When Lidge was at his best, the slider was the key. It has and will continue to be the key for Giles. In that regard, Hamels' comparison has some merit.
Ironically enough, Giles has had Lidge in his ear for a few months now, receiving guidance and advice on how and when to use his slider to milk it for all its worth. Not directly, of course, but through a surrogate.
"When I got the Triple-A, [Justin] De Fratus was a big part -- he gave me a better understanding of when to use it and how to use it," Giles said.
De Fratus, who spent a few weeks with Giles in Triple-A earlier this season before Giles joined him in the Phillies' bullpen, crossed paths with Lidge in 2011 and developed a rapport with the veteran. Lidge helped coach De Fratus on his slider, and now the 26-year-old reliever is paying it forward.
"When I had gotten sent down, at that point in my career, I began thinking, 'You know what, if this is what it's going to be, then I'm going to make sure that I'm helping other people along the way,'" De Fratus said. "So when [Giles] came there, I immediately talked to him and asked, 'What do you think you need to work on?' I knew it wasn't the fastball."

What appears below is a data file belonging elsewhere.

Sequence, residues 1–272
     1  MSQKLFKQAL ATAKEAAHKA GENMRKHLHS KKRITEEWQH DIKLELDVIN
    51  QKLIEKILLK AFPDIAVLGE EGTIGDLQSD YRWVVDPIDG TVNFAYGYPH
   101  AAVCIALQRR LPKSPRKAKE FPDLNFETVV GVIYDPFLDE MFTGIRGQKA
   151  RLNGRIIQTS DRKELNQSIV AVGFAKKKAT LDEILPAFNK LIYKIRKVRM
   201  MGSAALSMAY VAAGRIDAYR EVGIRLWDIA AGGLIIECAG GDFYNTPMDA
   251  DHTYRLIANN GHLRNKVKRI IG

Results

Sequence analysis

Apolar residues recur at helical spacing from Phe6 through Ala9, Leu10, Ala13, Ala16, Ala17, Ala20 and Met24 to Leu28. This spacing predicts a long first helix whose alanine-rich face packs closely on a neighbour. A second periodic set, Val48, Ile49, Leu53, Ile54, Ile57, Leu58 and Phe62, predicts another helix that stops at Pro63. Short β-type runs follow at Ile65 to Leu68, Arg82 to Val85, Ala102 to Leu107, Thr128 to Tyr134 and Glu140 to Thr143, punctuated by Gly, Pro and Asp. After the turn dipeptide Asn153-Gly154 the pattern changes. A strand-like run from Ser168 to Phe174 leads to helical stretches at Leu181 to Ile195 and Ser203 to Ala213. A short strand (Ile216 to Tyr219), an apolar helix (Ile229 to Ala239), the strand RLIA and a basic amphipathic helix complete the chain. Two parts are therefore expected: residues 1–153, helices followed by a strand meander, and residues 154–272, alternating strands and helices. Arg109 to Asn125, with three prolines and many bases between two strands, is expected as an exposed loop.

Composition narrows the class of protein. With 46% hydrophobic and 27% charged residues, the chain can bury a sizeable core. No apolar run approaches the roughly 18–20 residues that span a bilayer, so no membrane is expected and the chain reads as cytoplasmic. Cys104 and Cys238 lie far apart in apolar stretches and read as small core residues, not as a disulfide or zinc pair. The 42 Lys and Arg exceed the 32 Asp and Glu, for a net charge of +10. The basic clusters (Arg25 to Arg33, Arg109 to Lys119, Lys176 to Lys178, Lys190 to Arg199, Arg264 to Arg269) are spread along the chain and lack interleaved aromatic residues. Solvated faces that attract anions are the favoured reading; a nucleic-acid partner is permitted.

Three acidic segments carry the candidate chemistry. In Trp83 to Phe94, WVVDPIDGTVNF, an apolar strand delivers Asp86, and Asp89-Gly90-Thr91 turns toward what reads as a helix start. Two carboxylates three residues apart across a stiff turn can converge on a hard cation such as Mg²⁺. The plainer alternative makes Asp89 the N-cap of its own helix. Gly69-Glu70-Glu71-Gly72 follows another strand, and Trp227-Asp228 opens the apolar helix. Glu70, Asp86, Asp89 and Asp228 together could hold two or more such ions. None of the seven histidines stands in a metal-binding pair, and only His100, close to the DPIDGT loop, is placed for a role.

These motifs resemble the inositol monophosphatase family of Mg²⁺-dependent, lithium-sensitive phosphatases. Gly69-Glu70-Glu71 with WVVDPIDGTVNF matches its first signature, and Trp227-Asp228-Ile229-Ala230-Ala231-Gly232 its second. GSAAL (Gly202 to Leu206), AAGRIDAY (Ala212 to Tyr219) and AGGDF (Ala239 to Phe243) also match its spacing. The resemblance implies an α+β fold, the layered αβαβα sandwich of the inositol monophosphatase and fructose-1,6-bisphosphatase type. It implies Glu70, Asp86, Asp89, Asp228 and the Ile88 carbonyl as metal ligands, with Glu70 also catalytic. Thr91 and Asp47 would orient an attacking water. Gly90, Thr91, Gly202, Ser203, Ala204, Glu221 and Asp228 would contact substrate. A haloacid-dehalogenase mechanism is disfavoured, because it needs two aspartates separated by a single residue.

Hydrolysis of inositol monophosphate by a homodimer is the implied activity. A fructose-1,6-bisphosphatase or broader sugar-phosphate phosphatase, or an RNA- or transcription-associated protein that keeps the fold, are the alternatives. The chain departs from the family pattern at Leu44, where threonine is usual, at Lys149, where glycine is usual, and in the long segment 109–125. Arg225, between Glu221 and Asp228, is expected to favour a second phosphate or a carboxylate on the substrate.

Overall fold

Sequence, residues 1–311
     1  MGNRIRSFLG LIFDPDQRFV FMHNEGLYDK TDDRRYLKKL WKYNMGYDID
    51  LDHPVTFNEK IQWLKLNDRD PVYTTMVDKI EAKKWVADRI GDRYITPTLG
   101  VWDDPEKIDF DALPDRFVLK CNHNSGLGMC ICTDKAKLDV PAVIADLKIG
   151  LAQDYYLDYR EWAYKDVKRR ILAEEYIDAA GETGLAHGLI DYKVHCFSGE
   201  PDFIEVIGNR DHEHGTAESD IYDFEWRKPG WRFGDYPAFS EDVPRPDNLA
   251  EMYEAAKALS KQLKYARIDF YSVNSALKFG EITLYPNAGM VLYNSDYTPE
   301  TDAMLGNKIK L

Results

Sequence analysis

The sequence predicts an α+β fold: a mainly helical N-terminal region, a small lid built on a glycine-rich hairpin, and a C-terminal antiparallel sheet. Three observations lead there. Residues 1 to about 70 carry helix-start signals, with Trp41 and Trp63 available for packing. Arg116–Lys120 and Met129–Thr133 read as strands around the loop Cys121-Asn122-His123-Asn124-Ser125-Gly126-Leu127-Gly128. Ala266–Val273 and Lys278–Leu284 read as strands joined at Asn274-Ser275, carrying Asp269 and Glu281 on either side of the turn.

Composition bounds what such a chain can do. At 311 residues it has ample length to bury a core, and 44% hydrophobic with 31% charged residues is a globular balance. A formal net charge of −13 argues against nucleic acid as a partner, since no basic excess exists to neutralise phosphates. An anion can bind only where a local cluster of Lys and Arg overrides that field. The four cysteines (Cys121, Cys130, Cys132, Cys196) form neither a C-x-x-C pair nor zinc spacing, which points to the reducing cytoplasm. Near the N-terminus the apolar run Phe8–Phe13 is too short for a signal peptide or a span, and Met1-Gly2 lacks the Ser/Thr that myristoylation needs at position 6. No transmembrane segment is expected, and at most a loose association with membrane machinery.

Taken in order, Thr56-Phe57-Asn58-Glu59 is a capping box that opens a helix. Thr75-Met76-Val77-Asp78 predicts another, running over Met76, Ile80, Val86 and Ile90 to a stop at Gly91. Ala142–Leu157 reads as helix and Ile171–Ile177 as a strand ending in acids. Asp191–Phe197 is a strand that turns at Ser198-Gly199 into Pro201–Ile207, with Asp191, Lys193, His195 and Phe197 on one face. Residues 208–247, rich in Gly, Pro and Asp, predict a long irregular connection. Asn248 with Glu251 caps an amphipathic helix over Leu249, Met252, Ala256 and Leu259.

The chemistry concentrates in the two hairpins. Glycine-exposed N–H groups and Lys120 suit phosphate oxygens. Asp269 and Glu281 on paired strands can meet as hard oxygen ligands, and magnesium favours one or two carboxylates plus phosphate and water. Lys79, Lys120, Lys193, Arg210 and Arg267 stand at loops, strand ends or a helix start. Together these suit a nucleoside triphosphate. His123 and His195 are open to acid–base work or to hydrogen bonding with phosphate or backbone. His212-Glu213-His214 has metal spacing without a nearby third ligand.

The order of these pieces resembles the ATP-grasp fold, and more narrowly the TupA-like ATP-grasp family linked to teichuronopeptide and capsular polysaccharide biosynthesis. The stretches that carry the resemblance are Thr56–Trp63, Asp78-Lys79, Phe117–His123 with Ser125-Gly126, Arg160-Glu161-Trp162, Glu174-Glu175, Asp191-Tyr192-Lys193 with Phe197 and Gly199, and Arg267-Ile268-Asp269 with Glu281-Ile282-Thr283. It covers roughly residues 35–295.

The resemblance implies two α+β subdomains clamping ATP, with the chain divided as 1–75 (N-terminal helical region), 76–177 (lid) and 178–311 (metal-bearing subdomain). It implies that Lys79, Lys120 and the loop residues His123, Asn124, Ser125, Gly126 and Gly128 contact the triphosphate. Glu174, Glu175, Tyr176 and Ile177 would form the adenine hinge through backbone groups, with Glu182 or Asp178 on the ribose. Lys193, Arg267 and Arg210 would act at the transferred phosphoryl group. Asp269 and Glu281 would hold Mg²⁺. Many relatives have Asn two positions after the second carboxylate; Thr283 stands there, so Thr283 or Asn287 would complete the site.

And so Giles told him about his developing slider.
"So we went after it. Every day, working on it," De Fratus said. "I learned a lot from Lidge about it, and I basically told him the same types of things that Brad had told me. So really, it was Brad's voice going to him. It wasn't really mine."
It was exactly what Giles needed to hear as he neared his debut in the bigs.
"It's just little things about how to stay on top of it and where to throw it, when to bury it, when not to," De Fratus said. "With Ken, he's so gifted, he throws so hard that with two strikes, if you're going to throw a slider, just make sure it's down."
And that's precisely what Giles has done. The results are Lidge-like.
Like Lidge, Giles has used an overwhelming fastball to maximize the effects of his slider. But there's reason to believe that the apprentice may one day eclipse the master, as Hamels continued his comparison of the two: "Giles throws a little bit harder than Brad did, which makes his slider even more dramatic and devastating to hitters."